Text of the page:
Leg up or free ride? Chattanooga to charge officers for take-hom - WRCBtv.com | Chattanooga News, Weather & Sports

Leg up or free ride? Chattanooga to charge officers for take-home cars

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CHATTANOOGA (WRCB) - For almost a quarter century, Chattanooga has had a 'home fleet' plan for emergency responders. More than 350 police officers take home their work vehicles; marked cruisers or undercover cars.

Taxpayer Sunshine Shadwick sees that as a free ride in the company car.

"They're off the clock so that should be their responsibility; just like driving my car home to and from work," she says.

City Council President Manny Rico believes the practice is both a perk and an added layer of protection for citizens, but it's getting tougher to justify in a tighter economy.

"Using taxpayer money for gasoline , wear-and-tear on the vehicles; it all adds up," he says.

Officers 'guesstimate' that paying for their 'take home' car would cost them between $75 and $300 per month, depending how away they live from Police Services.

Come January 1, those with 'take home cars' will pay a commuting cost of 20 cents per mile if they live within city limits; 30 cents per mile outside city limits.

City leaders maintain that those costs represent only a quarter to a third of the 'true costs' of operating and maintaining those vehicles.

"We don't want to start laying people off, or furloughing them," Rico says.  "That's what's happening all over the country."

"I can go to a dealership today and get a car cheaper than they're charging me to rent my police equipment," says Sergeant Craig Joel, leader of the Chattanooga Police Benevolent Association.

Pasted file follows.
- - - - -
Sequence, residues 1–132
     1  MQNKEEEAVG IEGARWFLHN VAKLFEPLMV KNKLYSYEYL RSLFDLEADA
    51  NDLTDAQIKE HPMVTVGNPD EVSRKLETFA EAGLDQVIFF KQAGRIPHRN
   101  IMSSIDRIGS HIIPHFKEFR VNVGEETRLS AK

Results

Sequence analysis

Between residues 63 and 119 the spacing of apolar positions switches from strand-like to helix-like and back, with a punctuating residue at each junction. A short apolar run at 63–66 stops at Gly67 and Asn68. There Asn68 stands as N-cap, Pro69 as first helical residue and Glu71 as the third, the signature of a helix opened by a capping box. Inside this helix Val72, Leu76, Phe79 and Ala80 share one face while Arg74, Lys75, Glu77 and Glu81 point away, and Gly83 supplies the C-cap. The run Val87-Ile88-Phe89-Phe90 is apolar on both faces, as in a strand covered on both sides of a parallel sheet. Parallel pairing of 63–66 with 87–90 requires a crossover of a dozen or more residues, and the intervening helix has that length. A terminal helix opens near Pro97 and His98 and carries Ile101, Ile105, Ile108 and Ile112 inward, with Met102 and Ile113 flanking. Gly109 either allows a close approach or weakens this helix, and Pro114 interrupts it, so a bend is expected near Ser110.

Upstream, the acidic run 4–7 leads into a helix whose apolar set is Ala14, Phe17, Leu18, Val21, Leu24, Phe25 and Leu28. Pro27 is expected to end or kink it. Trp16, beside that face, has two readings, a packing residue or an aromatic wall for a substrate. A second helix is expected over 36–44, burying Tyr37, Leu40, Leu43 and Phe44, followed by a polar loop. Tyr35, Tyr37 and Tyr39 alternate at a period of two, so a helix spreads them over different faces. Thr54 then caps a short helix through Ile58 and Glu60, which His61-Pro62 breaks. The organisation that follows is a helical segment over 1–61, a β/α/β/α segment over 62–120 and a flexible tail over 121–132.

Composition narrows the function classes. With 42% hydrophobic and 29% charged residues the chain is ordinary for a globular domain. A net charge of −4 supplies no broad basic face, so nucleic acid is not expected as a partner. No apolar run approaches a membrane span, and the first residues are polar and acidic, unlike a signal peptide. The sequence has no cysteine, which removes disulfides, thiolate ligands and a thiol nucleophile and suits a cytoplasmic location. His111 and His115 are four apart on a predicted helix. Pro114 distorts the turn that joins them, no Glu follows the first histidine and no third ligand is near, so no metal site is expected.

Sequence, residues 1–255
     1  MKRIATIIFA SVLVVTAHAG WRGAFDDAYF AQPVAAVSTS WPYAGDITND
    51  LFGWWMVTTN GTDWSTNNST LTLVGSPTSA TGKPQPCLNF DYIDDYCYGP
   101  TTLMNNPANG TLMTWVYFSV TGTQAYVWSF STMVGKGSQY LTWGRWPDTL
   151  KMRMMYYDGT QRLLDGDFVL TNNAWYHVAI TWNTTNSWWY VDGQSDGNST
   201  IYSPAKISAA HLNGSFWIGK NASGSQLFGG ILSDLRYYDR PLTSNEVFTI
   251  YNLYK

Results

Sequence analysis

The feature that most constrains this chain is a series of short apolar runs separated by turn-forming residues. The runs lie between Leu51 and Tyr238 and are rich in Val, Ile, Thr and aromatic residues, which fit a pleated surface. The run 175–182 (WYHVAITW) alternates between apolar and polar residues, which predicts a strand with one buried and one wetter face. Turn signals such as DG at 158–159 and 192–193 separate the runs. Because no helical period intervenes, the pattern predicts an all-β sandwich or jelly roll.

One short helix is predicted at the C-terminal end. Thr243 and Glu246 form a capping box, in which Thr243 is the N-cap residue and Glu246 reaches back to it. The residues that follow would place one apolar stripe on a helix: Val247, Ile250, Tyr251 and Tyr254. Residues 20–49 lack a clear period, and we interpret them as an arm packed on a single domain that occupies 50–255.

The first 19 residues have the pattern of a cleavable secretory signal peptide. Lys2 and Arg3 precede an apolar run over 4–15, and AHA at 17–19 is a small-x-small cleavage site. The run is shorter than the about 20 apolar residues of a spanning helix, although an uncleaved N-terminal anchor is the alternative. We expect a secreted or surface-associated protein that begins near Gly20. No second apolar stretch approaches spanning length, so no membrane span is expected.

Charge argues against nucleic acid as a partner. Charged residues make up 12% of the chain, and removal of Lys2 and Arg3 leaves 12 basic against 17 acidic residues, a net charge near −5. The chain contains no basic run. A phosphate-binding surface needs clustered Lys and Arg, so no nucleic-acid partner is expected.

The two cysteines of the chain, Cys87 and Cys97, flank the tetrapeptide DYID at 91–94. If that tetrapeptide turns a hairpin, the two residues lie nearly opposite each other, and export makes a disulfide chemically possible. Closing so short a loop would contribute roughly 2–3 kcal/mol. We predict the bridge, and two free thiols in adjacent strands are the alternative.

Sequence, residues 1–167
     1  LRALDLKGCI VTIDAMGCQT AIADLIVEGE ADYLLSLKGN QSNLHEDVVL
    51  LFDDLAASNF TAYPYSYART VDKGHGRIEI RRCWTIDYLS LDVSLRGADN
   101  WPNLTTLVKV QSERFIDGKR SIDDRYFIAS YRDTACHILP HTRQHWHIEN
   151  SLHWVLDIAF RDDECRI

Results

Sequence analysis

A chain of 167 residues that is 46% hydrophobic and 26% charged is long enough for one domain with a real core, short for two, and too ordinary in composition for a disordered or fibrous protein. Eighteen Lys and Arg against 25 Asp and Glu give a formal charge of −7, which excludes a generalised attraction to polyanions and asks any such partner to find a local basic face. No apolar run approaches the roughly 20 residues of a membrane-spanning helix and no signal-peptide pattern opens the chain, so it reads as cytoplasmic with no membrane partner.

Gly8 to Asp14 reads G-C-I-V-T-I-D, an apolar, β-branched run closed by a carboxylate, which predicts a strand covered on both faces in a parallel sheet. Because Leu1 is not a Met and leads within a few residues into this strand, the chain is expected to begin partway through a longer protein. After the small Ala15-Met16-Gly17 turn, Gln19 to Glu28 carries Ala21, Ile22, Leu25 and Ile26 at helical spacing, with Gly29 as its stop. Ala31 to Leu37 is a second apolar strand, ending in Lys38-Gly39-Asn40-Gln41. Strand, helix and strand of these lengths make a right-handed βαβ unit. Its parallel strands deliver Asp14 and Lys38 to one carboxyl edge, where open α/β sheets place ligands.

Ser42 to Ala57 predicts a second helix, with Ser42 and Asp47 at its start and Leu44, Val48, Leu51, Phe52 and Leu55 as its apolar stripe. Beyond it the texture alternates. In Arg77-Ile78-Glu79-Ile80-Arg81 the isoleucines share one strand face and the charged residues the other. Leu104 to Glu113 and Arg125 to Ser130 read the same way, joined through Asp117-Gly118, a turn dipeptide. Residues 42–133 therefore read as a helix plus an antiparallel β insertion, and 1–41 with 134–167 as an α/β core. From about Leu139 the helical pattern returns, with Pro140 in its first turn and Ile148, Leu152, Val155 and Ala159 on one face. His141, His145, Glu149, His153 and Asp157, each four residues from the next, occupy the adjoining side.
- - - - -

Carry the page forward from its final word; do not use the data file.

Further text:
Sgt. Joel claims Chattanooga already is saving far more than the cost of the take-home cars, by leaving the Police Department 65 officers short of its fully-authorized complement.

"In many cases, we're gonna be passing the actual problem that we'll be responding to in our cars," Sgt. Joel says.

Taxpayer Rick Longie says officers shouldn't have to pay to be able to respond right away, with one exception.

"If that's my side gig, you know;" he says. "I work for a cell phone company yet I go on my own sales gig at Radio Shack? That's on me, not on my original company."

"We are just as much a police officer when we're working side jobs as when we're on the clock for the city," Sgt. Joel responds.

Besides, Sgt. Joel argues, officers wouldn't need side jobs if Chattanooga paid them properly.

Rico is sympathetic, to a point.

"I hate that we're doing it, the Mayor hates that we're doing it," he says.

"But with the economy like it is, everybody is going to have to sacrifice a little bit."

The commuting charge will be effective with officers' paychecks January 13.  Chief Bobby Dodd has not taken a public position on the issue.

Sgt. Joel would not say how many officers might give up their take-home vehicles,  but he promises that the PBA will attend the next City Council meeting to take issue with the measure.

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